An admiring, if critical, life of the Israeli warrior/politician.
When Ariel Sharon suffered a stroke in January 2006, he “cast Israel’s future in a nebulous light.” So write Hefez and Bloom, editors of the Israeli weekly newspaper Yedioth Tikshoret, in this study of a man widely reviled and widely honored both at home and abroad. The point is well taken, for Sharon had just engineered what seemed an impossibility: the removal of unauthorized Israeli enclaves in Gaza and the West Bank after having been “the greatest proponent of Jewish settlement in the occupied territories.” The equivocation was characteristic of Sharon, the authors assert; the man—born Arik Scheinerman and given his Hebrew nom de guerre by David Ben-Gurion—himself had long opposed the creation of a Palestinian state and then endorsed it, had favored massive retaliation against Saddam Hussein in the first Gulf War but rejected it in the second, had long held out against the withdrawal from the West Bank and then ordered that very thing. What Sharon’s legacy will be is anyone’s guess, but he will likely be remembered for the creation of the right-wing Likud Party, which has dominated Israeli politics for many years. Hefez and Bloom’s account of the strange-bedfellow rivalries across and within party lines is fascinating: the long rivalries among Benjamin Netanyahu, Shimon Peres, Moshe Dayan, Menachem Begin, Ehud Olmert and Sharon over the years make it seem a miracle that any unified act has ever come out of the Knesset. Sharon’s late move to the center, the authors suggest, was heartfelt and not the result of political calculation; even though its coincidence with Colin Powell’s lobbying for moderation vis-à-vis the Palestinians after 9/11 is interesting, the shift may owe most to Sharon’s desire “to change his entry in the annals of history from warmonger to peacemaker.”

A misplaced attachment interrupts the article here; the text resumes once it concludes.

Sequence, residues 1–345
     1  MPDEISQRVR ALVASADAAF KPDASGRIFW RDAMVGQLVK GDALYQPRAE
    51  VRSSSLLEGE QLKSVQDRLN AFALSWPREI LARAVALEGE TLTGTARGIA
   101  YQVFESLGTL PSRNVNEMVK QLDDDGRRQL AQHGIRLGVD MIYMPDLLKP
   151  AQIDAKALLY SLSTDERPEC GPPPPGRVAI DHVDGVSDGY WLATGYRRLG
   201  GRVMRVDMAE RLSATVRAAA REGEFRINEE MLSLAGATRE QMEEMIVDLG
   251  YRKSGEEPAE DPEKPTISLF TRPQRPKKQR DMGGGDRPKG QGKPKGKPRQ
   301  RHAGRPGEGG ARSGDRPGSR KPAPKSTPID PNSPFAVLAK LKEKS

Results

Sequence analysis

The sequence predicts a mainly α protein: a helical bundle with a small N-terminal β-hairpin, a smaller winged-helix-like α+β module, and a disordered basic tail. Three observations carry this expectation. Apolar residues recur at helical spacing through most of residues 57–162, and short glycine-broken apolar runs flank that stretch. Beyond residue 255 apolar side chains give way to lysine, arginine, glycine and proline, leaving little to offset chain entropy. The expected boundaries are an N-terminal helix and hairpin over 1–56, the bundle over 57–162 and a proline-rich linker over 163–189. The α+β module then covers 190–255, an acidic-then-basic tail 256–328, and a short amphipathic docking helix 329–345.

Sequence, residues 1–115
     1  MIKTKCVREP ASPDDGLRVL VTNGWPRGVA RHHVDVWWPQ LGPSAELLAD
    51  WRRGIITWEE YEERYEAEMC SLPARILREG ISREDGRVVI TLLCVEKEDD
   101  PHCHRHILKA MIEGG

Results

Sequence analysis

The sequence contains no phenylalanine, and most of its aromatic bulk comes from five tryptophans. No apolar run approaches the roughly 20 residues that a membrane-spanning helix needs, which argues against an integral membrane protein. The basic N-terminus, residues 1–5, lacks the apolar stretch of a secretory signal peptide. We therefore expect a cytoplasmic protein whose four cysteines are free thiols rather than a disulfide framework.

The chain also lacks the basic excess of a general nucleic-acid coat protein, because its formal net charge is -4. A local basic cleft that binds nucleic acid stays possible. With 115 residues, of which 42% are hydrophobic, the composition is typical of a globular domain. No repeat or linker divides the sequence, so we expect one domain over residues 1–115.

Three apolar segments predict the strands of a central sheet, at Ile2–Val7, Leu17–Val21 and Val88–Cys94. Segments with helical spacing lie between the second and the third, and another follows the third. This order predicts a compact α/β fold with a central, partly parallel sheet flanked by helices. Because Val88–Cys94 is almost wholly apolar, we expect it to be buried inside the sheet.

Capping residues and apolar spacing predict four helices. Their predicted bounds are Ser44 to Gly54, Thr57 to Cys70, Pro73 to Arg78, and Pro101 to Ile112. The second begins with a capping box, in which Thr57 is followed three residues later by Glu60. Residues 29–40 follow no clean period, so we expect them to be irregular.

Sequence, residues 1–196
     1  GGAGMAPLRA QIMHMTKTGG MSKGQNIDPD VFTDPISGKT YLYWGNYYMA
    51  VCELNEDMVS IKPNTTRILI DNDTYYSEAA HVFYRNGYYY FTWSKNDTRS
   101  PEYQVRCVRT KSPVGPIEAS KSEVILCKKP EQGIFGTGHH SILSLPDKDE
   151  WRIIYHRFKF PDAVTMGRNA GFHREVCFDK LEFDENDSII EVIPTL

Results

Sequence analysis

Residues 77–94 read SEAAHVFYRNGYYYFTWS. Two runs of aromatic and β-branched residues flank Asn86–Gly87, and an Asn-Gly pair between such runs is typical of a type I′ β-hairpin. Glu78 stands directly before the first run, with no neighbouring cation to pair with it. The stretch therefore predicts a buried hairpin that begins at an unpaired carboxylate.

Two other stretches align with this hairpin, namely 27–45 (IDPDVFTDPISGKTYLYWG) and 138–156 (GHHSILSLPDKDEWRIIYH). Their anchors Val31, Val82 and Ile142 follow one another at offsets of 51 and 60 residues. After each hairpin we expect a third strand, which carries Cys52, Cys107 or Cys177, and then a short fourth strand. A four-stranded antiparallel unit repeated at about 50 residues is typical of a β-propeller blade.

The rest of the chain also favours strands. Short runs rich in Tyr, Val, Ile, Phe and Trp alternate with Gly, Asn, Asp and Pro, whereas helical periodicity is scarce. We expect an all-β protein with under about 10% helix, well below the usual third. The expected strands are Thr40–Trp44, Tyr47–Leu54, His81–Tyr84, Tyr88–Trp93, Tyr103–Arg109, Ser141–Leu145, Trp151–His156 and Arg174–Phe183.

Peacemakers are rare in the Middle East today, and this well-written biography is thus particularly timely.